This is a fun thriller, yes. Complex mystery? Check. Pulse pounding denouement? Check. Fun and startling technology? Check. Every reviewer gives Curtis Chen credit for these things, and justly so. But I want to talk about character. Kangaroo is an intriguing and complex character, a fact which gets less attention than it deserves, because of all the fireworks going off around him. He lives his life so deep undercover that even he can’t seem to keep track of where his cover story leaves off and the truth begins. How do you get close to other people when you can’t even tell them your real name? It’s a question Kangaroo finds himself wrestling with. He is an orphan, and the brief flashes we get of his childhood are more chilling than heartwarming. He has no relationships. He doesn’t know how to enjoy himself. The only thing Kangaroo has in his life is his very special job. And when your work becomes your pastime, when your identity is something assigned to you by your boss, do you actually have a life at all? Even his face isn’t his own; it’s been surgically altered to be nondescript. Not too handsome; not too ugly.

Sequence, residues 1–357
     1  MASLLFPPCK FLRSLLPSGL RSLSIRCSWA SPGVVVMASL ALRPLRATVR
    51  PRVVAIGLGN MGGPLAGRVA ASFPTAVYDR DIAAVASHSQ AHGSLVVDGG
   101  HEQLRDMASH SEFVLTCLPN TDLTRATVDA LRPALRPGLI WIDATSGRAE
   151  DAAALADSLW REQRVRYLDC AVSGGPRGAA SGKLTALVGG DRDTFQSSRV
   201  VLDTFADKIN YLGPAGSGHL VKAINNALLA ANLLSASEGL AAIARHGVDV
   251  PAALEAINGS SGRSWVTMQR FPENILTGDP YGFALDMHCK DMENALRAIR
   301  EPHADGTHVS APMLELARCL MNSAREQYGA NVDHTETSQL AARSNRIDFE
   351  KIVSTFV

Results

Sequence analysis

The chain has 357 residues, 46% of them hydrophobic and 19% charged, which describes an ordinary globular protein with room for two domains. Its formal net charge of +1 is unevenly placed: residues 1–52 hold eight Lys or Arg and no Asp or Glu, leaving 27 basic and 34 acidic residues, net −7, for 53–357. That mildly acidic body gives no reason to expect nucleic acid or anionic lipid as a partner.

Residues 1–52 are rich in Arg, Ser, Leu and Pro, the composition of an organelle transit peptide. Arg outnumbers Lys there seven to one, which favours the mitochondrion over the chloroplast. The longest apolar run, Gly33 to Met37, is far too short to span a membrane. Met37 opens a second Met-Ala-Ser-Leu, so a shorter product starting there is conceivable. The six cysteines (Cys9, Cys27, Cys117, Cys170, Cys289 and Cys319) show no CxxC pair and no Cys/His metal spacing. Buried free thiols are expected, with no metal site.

There’s hardly anything left of Kangaroo (whoever he is) underneath the accoutrements of his career. And the thing is, it sometimes seems as if he’s not even very good at that. But you have to be careful here. Waypoint Kangaroo is told in the first person, which means the narrative is filtered through Kangaroo’s own insecurities, which appear to be many. So maybe he’s just being hard on himself. He covers his insecurity as many people do, with a nonstop patter of jokes. These range from clever to cringeworthy. (He actually considers using the old “If I could walk that way…” chestnut, which must be 300 years old by Kangaroo’s time, but thankfully, he thinks better of it.)